Christmas 2014

I’m just not in the mood to drag my crappy-looking fake tree out of storage, and allergy issues put the “ki-bosh” on having a real one, so I compromised.
This is “Donald” adorned with his Christmas finery. He resides next to my back entrance door.

Christmas 2014
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This is my back door. I wired two 9′ greenery swags together and wrapped it with 2 strands of small white lights and 1 strand of larger bright-white teardrop shaped lights. I used thin floral wire and fishing line to string the plastic, weather-proof balls to the swag and finished the whole thing off with a couple of bows in the corners. The wreath is wrapped in white teardrop lights. The “bells” in the middle of the wreath are tiny terra-cotta planters that I threaded upside-down on heavy wheat-colored string then tied a silver bell to the end of the string. Then I tied all 8 or so of them together and fastened to the wreath. I finished it off with a big bow. When I wrapped the lights around the swag, I made sure that one of the strings ended near the top, so I could plug the wreath into it. I then plugged it into a dusk-to-dawn timer. Ta-Da!!

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So, instead of setting up my tree in the foyer, I hung a greenery swag, stuck some berry picks and a few ornaments on it. Here I wired a couple of cheap-o 9′ greenery swags and three slightly more expensive 6′ “cedar branch and pinecone” wreaths together, then wrapped this with two strings of tiny white lights.  One string was plain white lights, the other was bright-white; I like the tiny lights, and the contrast of whites gives the whole thing a nice depth.

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My “piece de resistance” and homage to my Scots-Irish roots–the tartan wrapped deer head. Of course, I couldn’t ruin one of our best heads, so I first wrapped the head and the base of the horns in foil. Then I sprayed the foil-wrapped skull with spray adhesive and stretched the fabric over it, folding and snipping where needed. More of the spray glue keeps the fabric tight. I peeled the foil away from the horns, and was quite pleased with the results. When I take it down, I’ll simply peel fabric and foil away and leave the skull unscathed (fingers crossed).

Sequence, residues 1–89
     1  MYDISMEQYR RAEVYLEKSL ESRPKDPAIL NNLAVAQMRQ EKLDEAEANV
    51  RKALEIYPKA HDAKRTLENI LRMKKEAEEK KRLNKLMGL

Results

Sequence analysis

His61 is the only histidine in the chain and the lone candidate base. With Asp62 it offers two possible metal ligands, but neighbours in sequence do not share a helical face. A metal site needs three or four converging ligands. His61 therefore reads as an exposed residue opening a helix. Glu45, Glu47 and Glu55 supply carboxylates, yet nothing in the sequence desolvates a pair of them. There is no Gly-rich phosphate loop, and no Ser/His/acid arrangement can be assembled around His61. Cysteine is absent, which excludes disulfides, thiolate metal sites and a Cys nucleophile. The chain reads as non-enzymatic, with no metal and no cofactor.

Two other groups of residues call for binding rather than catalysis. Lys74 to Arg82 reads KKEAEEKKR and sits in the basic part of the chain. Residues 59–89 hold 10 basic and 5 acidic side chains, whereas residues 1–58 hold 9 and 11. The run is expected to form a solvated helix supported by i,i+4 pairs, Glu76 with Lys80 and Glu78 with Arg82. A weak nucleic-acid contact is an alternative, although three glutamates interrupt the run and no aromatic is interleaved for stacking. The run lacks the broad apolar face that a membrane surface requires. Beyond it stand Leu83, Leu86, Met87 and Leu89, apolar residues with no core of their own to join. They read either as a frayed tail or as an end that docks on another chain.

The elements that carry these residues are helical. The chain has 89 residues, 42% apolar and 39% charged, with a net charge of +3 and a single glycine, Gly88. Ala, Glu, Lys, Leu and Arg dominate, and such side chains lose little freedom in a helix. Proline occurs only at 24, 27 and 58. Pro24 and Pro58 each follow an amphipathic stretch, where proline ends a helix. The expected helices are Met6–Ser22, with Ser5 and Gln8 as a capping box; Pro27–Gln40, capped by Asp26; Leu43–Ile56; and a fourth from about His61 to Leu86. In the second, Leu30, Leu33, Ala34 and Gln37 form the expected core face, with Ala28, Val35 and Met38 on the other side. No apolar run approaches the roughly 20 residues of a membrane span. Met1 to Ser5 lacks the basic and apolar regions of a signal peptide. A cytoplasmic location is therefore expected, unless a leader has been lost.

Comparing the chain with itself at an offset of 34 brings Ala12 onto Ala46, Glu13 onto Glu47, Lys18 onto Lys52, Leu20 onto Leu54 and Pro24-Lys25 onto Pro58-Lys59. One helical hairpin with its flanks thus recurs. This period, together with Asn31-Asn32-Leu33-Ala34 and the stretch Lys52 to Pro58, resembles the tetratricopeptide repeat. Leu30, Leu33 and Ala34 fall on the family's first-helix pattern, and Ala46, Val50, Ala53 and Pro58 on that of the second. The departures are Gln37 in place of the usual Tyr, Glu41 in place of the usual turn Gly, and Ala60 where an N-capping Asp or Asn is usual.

Several years ago, I bought a dozen frosty white glass bulbs and googled a bunch of “M” fonts. With black, red, green, silver and gold Sharpie markers, I copied several different “M” designs on the bulbs to make monogrammed ornaments. I also collect abandoned bird nests from my yard, and I use them as natural decorations along with hornet and wasp nests–abandoned, of course!

 

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Over the entertainment center, you can see that I’ve used some more of the monogrammed ornaments.

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The fireplace mantel. The “trees” on the left: one is a styrofoam pyramid that I glued wine corks and red and silver balls to. I took a few branches that my fake tree shed and glued them around the bottom and to the top, then finished with a nice bow for a topper. The one on the right started as a plain grapevine form; I used 8 long picks of red berries, bent the wire ends of each, stuck them through the top of the tree form so that they hung down the sides, and hot-glued them around the tree. I pulled apart a pre-made candle ring, and glued some of the red-and-white and frosted balls to the tree to fill in some of the bare spaces and to give it a little more color, and topped with a red and white ribbon bow.

On the right: several years ago we cut down some river birches and I talked the boys into cutting up one of the larger branches into three pieces. I then drilled large holes (about 3″ x 3″) in one end of each with a large paddle bit, sprayed them with a clear sealer, and placed a glass candle-holder in each of the drilled holes.  Last year, I bought a bunch of the red-and-white candle rings for 75% off. I took some of them apart and used in other arrangements, but these I simply set the branch candle-holders in them.

 

 

 

 

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